Further, the apparatus of the present invention may provide for the contemporaneous or accelerated cremation of more than one human body by providing more than one chamber for irradiating the coffin and body with electromagnetic radiation. Preferably, each chamber may include multiple components for performing the other steps of the process of the invention. Alternatively, each chamber may be operatively linked to a common, further chamber where these steps are performed.
In one embodiment of the present invention each irradiation chamber may be provided with irradiating means comprising a single transducer or an array of transducers. In an alternative embodiment a single transducer or array of transducers may be centrally provided in the apparatus and is/are adjustable so as to direct electromagnetic radiation into one or other of the irradiation chambers.
When the electromagnetic generators are activated there may be a risk of sparking occurring within the chamber due to the presence of metals in the article being irradiated, for example teeth fillings jewellery, belt buckles and the like. To avoid this risk the chamber may be lined with mica glass panels. Mica has high insulation properties, is temperature resistant, does not absorb water and can withstand high pressures. Although only relatively small panels can currently be made, these can be connected together by interdigitating fingers in the manner of a multiple housing joint.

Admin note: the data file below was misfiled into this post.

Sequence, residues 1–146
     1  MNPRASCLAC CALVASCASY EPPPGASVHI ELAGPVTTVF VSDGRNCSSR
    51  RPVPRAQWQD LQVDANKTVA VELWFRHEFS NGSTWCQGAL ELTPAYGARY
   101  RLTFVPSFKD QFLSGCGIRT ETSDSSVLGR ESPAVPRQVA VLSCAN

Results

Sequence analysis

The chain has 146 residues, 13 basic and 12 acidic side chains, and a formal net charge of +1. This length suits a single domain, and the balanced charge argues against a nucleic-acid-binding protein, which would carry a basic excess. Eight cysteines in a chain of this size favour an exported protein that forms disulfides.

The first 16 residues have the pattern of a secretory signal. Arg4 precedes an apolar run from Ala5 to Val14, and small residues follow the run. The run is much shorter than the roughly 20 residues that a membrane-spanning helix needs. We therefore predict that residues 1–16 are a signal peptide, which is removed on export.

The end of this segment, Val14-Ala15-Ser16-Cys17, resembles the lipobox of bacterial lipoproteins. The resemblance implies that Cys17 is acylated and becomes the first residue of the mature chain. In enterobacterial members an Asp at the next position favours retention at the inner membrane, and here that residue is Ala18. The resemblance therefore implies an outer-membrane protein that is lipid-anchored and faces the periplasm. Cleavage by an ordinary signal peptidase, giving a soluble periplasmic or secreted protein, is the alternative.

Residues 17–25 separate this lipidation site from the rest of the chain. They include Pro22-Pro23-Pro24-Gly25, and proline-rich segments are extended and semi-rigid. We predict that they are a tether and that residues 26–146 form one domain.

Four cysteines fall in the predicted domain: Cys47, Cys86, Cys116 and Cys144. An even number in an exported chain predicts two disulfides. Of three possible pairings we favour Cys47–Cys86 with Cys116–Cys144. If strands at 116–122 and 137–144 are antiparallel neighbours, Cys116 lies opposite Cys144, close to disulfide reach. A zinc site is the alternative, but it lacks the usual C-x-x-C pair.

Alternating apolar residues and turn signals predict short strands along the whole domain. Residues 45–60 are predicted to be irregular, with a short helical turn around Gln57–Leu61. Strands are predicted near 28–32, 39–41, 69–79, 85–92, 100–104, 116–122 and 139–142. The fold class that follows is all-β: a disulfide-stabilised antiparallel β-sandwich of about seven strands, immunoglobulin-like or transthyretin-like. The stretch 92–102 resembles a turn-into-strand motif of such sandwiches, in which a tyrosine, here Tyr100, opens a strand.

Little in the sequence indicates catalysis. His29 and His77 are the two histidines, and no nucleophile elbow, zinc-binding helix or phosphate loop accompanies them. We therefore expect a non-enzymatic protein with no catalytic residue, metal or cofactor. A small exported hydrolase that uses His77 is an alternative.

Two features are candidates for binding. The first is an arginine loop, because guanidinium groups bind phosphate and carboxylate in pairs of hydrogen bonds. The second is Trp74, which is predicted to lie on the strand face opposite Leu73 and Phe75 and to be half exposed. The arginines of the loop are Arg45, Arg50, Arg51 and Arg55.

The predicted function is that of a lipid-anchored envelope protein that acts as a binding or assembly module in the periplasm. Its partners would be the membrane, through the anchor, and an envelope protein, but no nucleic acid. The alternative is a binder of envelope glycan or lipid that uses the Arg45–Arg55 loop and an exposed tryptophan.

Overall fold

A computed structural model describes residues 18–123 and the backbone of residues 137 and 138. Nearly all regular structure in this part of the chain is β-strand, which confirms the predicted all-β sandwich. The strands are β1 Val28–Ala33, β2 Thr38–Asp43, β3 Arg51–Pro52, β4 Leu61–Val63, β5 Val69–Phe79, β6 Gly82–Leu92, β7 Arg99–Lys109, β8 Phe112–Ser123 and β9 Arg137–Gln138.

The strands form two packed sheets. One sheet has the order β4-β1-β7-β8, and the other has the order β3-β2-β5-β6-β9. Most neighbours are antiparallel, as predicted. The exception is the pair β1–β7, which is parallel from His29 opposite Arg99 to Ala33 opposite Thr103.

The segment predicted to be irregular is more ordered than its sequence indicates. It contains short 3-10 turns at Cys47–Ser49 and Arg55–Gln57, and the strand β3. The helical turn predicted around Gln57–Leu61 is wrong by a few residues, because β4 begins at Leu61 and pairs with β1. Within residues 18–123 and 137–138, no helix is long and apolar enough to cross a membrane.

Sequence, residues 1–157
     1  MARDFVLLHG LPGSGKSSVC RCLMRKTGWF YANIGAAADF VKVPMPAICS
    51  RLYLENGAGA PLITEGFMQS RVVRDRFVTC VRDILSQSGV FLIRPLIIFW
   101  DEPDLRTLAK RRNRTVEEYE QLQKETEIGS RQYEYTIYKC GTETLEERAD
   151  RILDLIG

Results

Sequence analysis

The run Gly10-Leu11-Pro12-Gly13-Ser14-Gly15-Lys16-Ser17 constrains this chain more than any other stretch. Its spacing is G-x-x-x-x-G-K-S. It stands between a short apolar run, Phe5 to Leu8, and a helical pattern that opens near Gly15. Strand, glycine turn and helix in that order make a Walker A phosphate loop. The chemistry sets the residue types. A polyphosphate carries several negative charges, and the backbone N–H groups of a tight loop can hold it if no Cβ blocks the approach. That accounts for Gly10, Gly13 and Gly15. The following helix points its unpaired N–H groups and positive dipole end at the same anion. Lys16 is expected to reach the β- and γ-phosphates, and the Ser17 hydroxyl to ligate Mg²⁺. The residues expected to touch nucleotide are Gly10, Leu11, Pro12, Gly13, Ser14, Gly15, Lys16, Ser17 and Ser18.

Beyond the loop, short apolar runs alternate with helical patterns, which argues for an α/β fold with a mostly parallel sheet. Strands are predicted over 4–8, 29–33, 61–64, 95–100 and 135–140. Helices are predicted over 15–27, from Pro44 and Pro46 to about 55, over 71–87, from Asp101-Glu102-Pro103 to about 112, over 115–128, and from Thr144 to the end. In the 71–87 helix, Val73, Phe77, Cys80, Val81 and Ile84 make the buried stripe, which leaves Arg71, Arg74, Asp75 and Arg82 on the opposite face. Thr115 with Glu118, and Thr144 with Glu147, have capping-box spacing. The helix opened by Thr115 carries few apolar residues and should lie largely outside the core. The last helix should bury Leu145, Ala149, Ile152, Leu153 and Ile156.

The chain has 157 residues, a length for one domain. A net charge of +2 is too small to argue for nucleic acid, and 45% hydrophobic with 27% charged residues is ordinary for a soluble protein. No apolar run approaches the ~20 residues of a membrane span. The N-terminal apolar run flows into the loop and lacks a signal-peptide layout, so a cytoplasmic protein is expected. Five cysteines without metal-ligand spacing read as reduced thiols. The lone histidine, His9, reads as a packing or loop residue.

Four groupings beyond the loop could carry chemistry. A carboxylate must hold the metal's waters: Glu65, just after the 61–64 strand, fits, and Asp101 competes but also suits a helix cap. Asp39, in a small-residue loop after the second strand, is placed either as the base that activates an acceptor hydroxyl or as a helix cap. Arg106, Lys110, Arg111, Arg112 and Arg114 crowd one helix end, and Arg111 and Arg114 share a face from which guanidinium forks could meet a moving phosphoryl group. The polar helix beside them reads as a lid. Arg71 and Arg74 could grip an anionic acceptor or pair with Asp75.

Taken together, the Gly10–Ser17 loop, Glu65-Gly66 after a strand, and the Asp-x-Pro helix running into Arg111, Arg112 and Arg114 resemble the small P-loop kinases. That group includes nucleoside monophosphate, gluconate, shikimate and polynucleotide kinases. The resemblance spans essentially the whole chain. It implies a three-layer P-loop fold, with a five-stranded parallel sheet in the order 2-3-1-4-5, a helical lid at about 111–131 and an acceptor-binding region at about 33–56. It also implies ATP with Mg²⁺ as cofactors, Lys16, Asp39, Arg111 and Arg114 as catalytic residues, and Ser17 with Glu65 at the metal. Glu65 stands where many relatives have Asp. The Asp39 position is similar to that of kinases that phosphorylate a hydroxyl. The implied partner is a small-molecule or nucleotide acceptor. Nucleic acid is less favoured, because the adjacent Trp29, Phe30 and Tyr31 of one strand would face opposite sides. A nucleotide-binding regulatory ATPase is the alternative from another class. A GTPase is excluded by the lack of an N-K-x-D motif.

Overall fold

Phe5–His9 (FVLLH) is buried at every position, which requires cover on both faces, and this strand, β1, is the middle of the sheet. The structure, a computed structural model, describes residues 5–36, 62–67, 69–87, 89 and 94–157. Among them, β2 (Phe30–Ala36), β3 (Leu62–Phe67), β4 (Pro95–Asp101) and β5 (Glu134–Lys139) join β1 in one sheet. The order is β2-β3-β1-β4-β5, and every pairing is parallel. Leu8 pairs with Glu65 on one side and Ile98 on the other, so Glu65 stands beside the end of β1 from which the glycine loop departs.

Various embodiments of the process and apparatus of the present invention will now be described by way of non-limiting example with reference to the following drawings in which like numerals describe like elements and in which: